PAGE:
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Government holds conference on the dangers of driving while tired

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The National Transportation Safety Board on Tuesday held an all-day conference on the importance of staying fully awake while driving on public roadways — an event that flirted with the irony of putting viewers to sleep and at greater risk of getting in an accident while driving home.

The conference — "Awake, Alert, Alive: Overcoming the Dangers of Drowsy Driving" — was held at the NTSB boardroom, and used up most of the day hammering home the seemingly obvious point that driving while sleepy is dangerous.

It also attracted a very sparse audience. Pictures of the NTSB's boardroom showed that attendees appeared to be comprised of panelists and maybe one or two others. When the second panel ended by mid-morning, the board room looked like this:

endofpanel2

"We are calling this forum 'Awake, Alert, Alive,' because every driver must be awake and alert to operate a vehicle safely," NTSB board member Mark Rosekind said in his kickoff remarks. "Sufficient, good quality sleep is fundamental to alertness and human performance, and yet so many Americans are on the road dangerously impaired by lack of sleep."

The conference featured several panels filled with doctors from around the country who testified on the importance of staying awake at the wheel. But the panelists quickly agreed on the importance of not falling asleep while driving around, a factor that seemed to drive any possible controversy from the room that might have been useful in helping keep people awake.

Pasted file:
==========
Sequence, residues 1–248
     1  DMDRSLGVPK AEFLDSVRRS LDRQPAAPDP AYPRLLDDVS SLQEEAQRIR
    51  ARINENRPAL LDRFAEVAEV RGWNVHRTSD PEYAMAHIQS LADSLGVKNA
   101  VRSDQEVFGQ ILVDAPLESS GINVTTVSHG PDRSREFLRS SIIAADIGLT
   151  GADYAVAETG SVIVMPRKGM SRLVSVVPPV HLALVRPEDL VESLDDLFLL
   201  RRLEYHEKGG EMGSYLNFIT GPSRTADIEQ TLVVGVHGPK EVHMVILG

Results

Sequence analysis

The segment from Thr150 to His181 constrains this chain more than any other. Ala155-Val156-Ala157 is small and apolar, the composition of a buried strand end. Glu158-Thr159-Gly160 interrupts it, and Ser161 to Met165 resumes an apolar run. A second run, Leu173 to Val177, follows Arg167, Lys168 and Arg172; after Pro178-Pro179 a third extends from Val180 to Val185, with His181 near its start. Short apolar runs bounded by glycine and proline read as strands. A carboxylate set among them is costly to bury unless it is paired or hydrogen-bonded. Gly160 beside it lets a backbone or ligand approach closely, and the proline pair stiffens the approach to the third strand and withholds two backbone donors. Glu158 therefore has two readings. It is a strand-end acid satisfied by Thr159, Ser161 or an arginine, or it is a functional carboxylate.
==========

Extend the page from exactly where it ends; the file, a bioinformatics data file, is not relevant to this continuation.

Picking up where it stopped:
One doctor showed pictures of the human brain indicating that a lack of sleep makes it harder for the brain to stay awake:

Screen Shot 2014-10-21 at 1.54.07 PM

Dr. David Dinges from the University of Pennsylvania set the tone early with some basic facts about sleep.

"As near as we know right now, all animals need to sleep, and humans are no exception," he said. Later on, Dinges said that when the human body wants to go to sleep, it can be hard to stop that process.

"There's a terrific change going on that you cannot easily control," he said. "And slapping yourself in the face or turning the radio up or chewing gum or singing will not prevent this from occurring."

"The brain needs sleep," he advised.

Shots of the boardroom at the end of the fourth panel indicated that the audience in the room wasn't expanding as the day wore on:

start of panel 4

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